Oculopharyngeal Muscular Dystrophy Prognosis
The symptoms of oculopharyngeal muscular dystrophy (OPMD) usually appear between ages 40 and 60 and include muscle weakness around the eyes and in the throat. The disease usually progresses slowly but progression seems to be faster in homozygote patients compared to heterozygote ones.13
OPMD also affects the central nervous system and leads to cognitive decline and psychotic problems. Life expectancy is reduced compared to the general population.14
- Muscular dystrophy. Mayo Clinic. Accessed May 22, 2021.
- Duchenne muscular dystrophy. National Organization of Rare Disorders. Accessed May 22, 2021.
- Passamano L, Taglia A, Palladino A, et al. Improvement of survival in Duchenne muscular dystrophy: retrospective analysis of 835 patients. Acta Myol. 2012; 31(2):121–125.
- Becker muscular dystrophy (BMD). Muscular Dystrophy Association. Accessed May 22, 2021.
- Morrison LA. Chapter 2 – Dystrophinopathies. Handbook of Clinical Neurology. 2011;101:11-39. doi:10.1016/B978-0-08-045031-5.00002-5
- Becker muscular dystrophy. Genetic Testing Registry. Accessed May 22, 2021.
- Facioscapulohumeral muscular dystrophy (FSH, FSHD). Muscular Dystrophy Association. Accessed May 22, 2021.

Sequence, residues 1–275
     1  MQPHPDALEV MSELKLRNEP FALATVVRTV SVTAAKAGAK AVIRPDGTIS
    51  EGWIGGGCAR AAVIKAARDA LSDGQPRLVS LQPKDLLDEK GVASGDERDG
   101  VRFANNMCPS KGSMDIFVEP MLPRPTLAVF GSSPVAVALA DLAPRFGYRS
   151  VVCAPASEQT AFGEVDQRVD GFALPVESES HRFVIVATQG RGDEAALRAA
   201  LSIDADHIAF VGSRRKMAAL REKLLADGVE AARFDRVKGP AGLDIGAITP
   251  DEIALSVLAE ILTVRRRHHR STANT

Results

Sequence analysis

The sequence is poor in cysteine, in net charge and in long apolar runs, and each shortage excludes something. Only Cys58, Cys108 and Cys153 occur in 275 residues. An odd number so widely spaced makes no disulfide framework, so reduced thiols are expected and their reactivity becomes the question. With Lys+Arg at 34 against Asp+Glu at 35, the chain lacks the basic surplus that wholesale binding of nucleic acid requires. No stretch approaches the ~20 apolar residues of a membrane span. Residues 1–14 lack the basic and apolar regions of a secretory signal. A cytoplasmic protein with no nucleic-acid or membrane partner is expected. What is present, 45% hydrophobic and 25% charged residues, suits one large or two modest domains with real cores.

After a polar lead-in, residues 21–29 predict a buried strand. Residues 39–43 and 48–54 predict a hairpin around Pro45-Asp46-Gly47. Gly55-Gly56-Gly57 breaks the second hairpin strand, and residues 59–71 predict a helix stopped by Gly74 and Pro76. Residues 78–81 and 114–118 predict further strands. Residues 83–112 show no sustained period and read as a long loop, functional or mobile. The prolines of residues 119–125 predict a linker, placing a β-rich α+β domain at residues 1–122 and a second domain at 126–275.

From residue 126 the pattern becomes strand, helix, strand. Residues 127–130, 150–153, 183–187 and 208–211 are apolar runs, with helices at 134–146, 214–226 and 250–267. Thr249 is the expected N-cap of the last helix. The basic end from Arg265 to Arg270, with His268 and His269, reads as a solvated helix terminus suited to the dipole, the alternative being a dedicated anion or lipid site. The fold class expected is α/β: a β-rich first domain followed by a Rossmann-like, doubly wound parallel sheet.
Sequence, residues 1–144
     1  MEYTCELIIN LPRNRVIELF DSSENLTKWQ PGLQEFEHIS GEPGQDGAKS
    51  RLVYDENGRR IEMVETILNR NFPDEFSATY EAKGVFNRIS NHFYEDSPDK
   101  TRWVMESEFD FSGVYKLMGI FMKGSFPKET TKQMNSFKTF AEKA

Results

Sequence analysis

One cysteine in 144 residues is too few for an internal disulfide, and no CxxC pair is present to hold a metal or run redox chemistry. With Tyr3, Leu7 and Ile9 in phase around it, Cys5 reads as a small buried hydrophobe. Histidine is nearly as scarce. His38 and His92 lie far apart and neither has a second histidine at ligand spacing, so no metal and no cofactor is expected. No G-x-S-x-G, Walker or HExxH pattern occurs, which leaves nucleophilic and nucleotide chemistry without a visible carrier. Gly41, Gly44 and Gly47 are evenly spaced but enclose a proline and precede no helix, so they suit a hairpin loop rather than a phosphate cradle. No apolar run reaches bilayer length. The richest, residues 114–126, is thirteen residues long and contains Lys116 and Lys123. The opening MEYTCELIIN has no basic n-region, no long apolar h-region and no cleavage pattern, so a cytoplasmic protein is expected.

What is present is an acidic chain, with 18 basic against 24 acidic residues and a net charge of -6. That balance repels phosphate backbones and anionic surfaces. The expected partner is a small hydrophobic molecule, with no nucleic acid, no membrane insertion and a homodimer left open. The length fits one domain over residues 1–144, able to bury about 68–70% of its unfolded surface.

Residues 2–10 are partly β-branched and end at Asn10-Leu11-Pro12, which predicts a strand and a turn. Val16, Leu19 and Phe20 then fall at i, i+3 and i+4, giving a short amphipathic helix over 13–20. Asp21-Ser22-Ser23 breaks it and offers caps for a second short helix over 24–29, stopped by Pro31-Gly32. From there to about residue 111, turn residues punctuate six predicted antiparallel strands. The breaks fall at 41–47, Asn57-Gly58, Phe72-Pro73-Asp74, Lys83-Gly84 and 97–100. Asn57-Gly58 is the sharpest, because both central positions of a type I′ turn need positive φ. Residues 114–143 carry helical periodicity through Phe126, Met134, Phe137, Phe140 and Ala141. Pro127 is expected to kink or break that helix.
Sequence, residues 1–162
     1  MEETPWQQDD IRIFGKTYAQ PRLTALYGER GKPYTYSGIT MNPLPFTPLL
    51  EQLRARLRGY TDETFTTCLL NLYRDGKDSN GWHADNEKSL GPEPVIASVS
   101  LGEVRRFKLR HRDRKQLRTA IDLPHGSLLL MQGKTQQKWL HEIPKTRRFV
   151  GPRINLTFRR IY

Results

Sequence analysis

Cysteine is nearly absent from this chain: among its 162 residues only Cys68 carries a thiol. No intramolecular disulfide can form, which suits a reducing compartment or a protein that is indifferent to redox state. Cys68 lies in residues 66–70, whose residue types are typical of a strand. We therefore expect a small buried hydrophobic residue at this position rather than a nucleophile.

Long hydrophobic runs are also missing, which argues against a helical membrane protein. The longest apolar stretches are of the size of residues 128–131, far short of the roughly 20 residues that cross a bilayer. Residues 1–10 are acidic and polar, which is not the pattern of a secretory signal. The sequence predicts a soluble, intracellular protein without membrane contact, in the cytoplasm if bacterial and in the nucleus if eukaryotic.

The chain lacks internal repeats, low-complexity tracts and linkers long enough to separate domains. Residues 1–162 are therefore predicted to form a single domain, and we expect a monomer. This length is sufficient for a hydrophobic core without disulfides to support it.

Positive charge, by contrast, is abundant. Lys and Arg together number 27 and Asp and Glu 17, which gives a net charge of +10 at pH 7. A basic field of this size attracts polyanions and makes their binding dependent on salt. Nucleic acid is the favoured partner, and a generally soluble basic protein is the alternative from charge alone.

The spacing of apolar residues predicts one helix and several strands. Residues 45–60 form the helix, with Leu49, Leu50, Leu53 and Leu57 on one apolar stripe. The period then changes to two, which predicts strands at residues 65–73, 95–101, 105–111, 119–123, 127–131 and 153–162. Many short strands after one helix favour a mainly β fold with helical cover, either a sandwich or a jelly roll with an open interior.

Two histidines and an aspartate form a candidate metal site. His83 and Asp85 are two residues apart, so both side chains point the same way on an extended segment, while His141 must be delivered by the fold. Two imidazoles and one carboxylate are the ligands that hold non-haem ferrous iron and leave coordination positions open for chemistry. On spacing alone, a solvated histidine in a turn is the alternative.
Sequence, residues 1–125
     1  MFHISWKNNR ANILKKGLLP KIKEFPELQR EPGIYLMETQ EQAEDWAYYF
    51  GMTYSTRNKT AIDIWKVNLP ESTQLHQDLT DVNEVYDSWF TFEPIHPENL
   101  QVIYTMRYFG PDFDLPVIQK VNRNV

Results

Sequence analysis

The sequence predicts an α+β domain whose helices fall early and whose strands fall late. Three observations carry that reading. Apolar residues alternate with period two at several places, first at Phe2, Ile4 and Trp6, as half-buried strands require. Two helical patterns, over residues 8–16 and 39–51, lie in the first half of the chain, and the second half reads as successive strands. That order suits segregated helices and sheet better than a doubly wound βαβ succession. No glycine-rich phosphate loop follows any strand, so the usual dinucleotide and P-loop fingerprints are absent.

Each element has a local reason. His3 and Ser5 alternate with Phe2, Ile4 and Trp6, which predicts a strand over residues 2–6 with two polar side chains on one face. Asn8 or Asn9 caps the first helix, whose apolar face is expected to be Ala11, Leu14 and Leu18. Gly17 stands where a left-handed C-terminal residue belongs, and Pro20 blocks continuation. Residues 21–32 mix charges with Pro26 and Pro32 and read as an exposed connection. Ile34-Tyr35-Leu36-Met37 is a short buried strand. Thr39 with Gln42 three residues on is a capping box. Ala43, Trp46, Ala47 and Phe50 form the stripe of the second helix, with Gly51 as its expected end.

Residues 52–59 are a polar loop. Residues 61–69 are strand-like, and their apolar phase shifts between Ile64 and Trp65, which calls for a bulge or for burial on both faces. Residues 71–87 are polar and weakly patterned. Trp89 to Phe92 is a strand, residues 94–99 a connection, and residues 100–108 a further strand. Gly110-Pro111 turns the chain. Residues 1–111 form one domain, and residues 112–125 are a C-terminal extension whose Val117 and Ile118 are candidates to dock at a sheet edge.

- When your child is diagnosed with FSHD. FSHD Society. Accessed May 22, 2021.
- Deenen JCW, Arnts H, van der Maarel SM, et al. Population-based incidence and prevalence of facioscapulohumeral dystrophy. Neurology. 2014;6;83(12):1056-9. doi:10.1212/WNL.0000000000000797
- Limb-girdle muscular dystrophies. MedlinePlus. September 17, 2019. Accessed May 22, 2021.
- Emery-Dreifuss muscular dystrophy. Genetic and Rare Disease Information Center. Accessed May 22, 2021.
- Bonne G, Leturcq F, Yaou RB. Emery-Dreifuss muscular dystrophy. GeneReviews. Accessed May 22, 2021.
- Oculopharyngeal muscular dystrophy. National Organization of Rare Disorders. Accessed May 22, 2021.
- Blumen SC, Bouchard J-P, Brais B, et al. Cognitive impairment and reduced life span of oculopharyngeal muscular dystrophy homozygotes. Neurology. 2009;25;73(8):596-601. doi:10.1212/WNL.0b013e3181b388a3
Article reviewed by Harshi Dhingra, MD, on July 1, 2021.